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Posted: Tue Aug 20, 2019 8:24 pm 
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Joined: 1/20/13
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Location: Eastern NE
Shakespeare used a two letter code to indicate the first, and subsequent, design changes of most of their US made models, many changes of which were minor. EE (1966) was the first 2052, EC (1968) second, DA (1970) third & DC (1978), which was the last design change just prior to stopping production of that series. In 1970 Shakespeare decided to cheapen their "Royal Maroon" line of spinning reels by changing the handle design and adding some plastic and nylon parts. Early "DA" reels had an all metal main shaft, click gear and bushing. Later "DA" reels and all "DC" reels had a plastic click gear and bushing. Most every plastic main gear bushing I have seen eventually cracks or breaks, especially if the reel is stored with the drag tightened down. I have seen NIB, unused, 2052 reels where the drag was torqued down and the bushing was cracked. A new replacement main shaft is near impossible to find, as are used metal click and bushing 2052 main shafts. The Shakespeare 2052 is, overall, a well made reel. It seemed a shame to see these later 2052s exiled to the parts bin so I came up with a repair that should last as long as the rest of the reel.

Here's the concept. You can click on the thumbnail photos throughout to enlarge them and get better detail. You can also enlarge the enlarged photo by using the black icon menu bar at the top above the enlarged photo.

I found that a McDonald's straw fit perfectly over the bushing portion. It just so happens that a local fast food chain had straws that are the same size and clear so I used one of their straws for a form. The clear straw works great because you can see whether or not there are any voids in the JB Weld.

I removed the main shaft, measured the length of the round portion of the bushing (10 mm) and the flat sided length length (5 mm). I used 3 washers as a spacing guide above the click gear so that the cut would be straight and true all the way around. I used a small craft metal backsaw to cut the plastic around the shaft.

Next, I roughed up the shaft surface and filed a couple of small grooves in the main shaft to give the JB Weld better adherence. I cut two straw forms, just in case I needed an extra, the correct length. I also had an old ball point pen section that was the perfect diameter to slip over the straw to make sure the form stayed perfectly round. I mixed the JB Weld and added about 10% clear 3 ton epoxy to help make the JB Weld a little harder when finally set.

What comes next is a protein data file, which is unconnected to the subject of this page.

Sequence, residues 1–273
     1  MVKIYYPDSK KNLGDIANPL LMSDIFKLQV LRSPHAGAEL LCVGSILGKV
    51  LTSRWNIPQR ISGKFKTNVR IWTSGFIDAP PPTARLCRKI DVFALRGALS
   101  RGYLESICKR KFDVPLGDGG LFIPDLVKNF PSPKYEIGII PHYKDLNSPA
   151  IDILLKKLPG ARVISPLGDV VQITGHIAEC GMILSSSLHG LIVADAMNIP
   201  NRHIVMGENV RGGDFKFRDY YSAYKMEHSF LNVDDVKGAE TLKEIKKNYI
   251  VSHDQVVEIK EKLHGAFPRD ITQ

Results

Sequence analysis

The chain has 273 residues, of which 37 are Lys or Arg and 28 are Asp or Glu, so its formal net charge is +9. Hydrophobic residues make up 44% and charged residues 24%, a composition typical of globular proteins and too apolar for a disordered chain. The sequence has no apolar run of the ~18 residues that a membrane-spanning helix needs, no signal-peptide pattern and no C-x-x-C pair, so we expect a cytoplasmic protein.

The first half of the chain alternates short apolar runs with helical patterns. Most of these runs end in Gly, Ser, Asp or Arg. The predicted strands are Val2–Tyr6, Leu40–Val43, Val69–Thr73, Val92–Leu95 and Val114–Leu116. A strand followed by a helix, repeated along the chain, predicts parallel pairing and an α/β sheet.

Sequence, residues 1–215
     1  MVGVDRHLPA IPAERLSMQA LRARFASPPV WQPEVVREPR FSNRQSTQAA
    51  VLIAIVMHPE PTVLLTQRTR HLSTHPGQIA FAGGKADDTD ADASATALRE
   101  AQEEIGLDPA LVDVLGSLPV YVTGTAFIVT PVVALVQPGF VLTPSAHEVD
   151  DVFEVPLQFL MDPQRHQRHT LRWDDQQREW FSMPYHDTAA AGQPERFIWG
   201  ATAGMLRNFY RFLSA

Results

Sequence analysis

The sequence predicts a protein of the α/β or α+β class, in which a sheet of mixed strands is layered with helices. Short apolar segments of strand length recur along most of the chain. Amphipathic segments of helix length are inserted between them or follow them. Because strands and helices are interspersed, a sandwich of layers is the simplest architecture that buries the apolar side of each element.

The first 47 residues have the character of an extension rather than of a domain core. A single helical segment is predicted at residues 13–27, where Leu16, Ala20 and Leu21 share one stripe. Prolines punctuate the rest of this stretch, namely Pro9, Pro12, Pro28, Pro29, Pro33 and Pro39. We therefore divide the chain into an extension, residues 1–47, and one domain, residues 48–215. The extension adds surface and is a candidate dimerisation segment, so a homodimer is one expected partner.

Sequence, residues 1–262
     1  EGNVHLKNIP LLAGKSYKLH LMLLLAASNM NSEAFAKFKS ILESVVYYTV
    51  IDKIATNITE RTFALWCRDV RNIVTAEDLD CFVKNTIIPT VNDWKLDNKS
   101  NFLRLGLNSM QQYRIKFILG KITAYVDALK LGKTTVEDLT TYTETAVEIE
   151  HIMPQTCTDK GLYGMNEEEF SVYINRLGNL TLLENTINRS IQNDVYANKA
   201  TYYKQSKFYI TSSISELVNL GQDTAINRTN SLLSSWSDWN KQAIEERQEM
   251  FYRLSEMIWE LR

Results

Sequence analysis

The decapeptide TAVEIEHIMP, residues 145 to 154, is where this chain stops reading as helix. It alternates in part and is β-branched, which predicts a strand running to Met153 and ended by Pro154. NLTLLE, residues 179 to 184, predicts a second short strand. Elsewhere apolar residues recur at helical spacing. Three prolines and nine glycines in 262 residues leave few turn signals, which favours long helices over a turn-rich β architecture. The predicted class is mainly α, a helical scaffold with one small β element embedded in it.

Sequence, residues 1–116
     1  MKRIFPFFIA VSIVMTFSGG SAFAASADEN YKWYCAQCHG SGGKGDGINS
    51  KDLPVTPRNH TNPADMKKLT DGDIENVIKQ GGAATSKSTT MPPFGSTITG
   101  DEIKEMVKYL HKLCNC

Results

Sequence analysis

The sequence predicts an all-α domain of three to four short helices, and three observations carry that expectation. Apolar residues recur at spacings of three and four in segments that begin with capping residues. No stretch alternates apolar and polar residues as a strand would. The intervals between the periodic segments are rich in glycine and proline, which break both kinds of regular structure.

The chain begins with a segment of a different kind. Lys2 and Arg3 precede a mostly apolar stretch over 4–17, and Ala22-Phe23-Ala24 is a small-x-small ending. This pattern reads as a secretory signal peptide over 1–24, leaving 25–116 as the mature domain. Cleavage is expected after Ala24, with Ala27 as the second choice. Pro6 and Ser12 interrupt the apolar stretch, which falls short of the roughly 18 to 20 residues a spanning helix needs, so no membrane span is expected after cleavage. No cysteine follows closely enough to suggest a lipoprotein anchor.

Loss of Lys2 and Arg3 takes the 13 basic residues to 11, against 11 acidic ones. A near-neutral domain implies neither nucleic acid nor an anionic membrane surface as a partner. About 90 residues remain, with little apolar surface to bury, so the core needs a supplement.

I put tape on the threads to protect them from the epoxy and slipped the straw form over the portion of the bushing that I had left in place.

I used a block of wood and part of a pen for a stand to hold the shaft while I packed the JB Weld into the straw form.

Once the form was full, leveled at the top and centered on the shaft I slipped the rigid piece of pen over the form to make sure it stayed round until the JB Weld cured.

I let it cure for a couple of days just to make sure it was good and hard. I removed the pen form and tape and this is what I had.

I made a small slit in the straw form at the base with an X-acto knife and it slid right off. The JB Weld repair was a tight fit into the spool bushing so I sanded it down a little with 320 and then 800 grit sandpaper until it turned freely in the spool bushing.

There are 16 points on the click gear so I marked the grooves between 8 on each side for a guide. That way I could make sure the flat areas were correctly placed opposite each other. I used a mini file and drag washer as a guide, going a little at a time, to file the 5 mm flat sided areas until the washer fit perfectly.

For those that wonder how Shakespeare cheapened their last versions of the "Royal Maroons", among things like the handle and plastic main shaft click gear/bushing, they also went to nylon encased ball bearings without a metal race on this 2052.

Here the reel is cleaned & lubed, and you can see the epoxy click gear/bushing repair.

Ready for the side plate, spool & drag knob.

Ready to fish :fished , or display.

The epoxy click gear/bushing repair will more than likely last as long as the rest of the reel. :wink:

Posted: Wed Aug 21, 2019 1:03 am 
Reel Talk Member
Big ORCA Fan
Joined: 5/17/19
Posts: 10
Excellent work! Thanks for the post.

When I get ready to do this I'm also going to replace the bearing. I've used this company for replacement bearings in a few reel to reel tape decks and I bet they have a super smooth bearing for the 2052.

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